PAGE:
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Serial Killer Index Short List
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Serial Killer Index
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  HILL Clarence 1929 1984 USA ... ... ... 6
1938 1940 NJ
 : ... ... ... ...
Verdict/Urteil: Life
In serial murder, as in American society at large, blacks have always constituted a statistical minority. Only in the 1980s have their numbers been significant, but every generation has produced some interesting cases, bold exceptions that defy the rule. In the 1940s, Jake Bird and Jarvis Catoe did their part to raise white hackles, but they were assisted by the efforts of a grim soul brother in New Jersey. Duck Island, in the years surrounding World War II, consisted of a dreary landfill on the Delaware River, in Hamilton Township, near Trenton, New Jersey. Devoid of any residential or commercial value, it became a "lover's lane," where trysting couples came by night to grapple in the dark, professing love -- or its facsimile -- in breathless whispers. In the period from 1938 to 1942, the lovers did not have Duck Island to themselves. The first attack took place on November 8, 1938, when 20-year-old Vincent Tonzello pulled his car off the Duck Island road, to spend a few pleasant hours with Mary Mytovich, 16. Next morning, when patrolmen reached the scene, Tonzello lay dead in the car, riddled with buckshot; his date was found nearby, gravely wounded. Before she died in a Trenton hospital, Mary described the attack. A black man had approached the car, she said, shooting Tonzello when Vincent rejected a demand for money. The assailant then dragged Mary from the car, raped her, shot her, and left her for dead. Eleven months later, on October 3, 1939, Frank Casper and Katherine Werner were killed near the same spot, in almost identical fashion. A junk dealer, prowling Duck Island for saleable refuse, found Casper dead in his car; Werner's body lay nearby, partially buried in garbage, one arm severed by a shotgun blast that had cut her down as she ran from the car. The scene changed slightly for the third attack, in 1940. Ludovicum Kovacs, 25, and Carolina Maroconi, 24, were parked off Cypress Lane, several miles from Duck Island, when close-range shotgun blasts snuffed out their lives. Again, no clues were left behind that might identify the stalker. Police would document three more attacks in 1941 and '42, but the killer had lost his touch and all six victims survived. A piece of the murder weapon, carelessly dropped at the scene of a shooting in 1942, eventually led detectives to question Clarence Hill in January 1944. A father of two, Hill had been drafted into the army eighteen months before, and was stationed at Fort Dix, in New Jersey. Detained there for questioning by military authorities, Hill confessed to the series of murders and assaults on January 28, 1944. Considering the link between his own confessions and the deathbed testimony of his victim, Hill was brought to trial for killing Mary Mytovich. Convicted on December 29, 1944, he was sentenced to a term of life imprisonment.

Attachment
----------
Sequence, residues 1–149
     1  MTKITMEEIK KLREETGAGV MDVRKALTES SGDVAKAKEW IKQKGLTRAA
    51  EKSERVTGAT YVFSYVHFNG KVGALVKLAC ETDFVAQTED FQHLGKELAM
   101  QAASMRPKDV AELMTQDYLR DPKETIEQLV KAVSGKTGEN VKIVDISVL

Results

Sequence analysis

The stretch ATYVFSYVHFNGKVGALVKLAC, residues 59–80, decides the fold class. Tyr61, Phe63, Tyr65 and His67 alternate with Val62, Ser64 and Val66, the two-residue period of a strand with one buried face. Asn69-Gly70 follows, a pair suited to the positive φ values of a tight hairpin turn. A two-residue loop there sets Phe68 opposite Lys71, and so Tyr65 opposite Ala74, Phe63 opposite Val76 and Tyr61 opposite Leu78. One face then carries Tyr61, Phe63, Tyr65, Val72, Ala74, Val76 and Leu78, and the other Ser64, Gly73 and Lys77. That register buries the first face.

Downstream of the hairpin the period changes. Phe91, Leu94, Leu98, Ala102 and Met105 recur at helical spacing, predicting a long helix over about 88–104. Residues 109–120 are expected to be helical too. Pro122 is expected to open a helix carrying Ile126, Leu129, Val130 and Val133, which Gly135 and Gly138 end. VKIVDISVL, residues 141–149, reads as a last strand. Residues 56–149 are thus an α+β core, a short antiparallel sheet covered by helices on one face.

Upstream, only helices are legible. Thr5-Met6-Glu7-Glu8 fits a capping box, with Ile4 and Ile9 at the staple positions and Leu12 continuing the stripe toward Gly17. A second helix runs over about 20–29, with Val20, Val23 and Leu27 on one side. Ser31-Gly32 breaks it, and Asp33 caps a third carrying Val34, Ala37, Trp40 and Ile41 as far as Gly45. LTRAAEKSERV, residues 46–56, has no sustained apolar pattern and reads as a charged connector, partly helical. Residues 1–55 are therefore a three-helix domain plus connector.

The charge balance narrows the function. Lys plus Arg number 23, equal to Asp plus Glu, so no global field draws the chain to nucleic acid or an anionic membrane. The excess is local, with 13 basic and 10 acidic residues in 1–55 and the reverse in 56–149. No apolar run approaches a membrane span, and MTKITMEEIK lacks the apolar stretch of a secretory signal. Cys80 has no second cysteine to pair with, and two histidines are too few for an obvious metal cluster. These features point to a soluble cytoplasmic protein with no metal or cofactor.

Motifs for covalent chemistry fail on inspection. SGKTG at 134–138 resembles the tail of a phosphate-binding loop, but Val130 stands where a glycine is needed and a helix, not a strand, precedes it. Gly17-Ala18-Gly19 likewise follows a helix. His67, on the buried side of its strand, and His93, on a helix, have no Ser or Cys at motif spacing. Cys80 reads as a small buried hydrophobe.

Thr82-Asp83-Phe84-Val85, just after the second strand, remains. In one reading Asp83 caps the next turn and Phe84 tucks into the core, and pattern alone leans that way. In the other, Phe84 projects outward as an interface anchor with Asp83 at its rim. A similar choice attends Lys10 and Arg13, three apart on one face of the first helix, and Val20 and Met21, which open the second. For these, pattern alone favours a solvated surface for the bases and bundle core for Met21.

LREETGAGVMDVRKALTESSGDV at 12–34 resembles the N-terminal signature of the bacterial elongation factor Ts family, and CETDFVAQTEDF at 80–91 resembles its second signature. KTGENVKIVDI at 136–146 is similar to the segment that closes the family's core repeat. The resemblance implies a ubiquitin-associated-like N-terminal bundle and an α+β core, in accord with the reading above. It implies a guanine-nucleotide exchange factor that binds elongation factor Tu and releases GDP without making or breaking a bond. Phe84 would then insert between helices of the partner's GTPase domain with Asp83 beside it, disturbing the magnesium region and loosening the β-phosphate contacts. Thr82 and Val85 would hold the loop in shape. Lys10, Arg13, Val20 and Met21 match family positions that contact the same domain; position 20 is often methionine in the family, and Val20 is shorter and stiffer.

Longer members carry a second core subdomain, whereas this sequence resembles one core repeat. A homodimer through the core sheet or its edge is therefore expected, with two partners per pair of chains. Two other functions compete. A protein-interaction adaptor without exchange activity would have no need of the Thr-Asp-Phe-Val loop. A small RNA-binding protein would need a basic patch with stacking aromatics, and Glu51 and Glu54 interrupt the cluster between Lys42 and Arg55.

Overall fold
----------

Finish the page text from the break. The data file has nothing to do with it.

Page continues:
Copyright 1995-2005 by Elisabeth Wetsch
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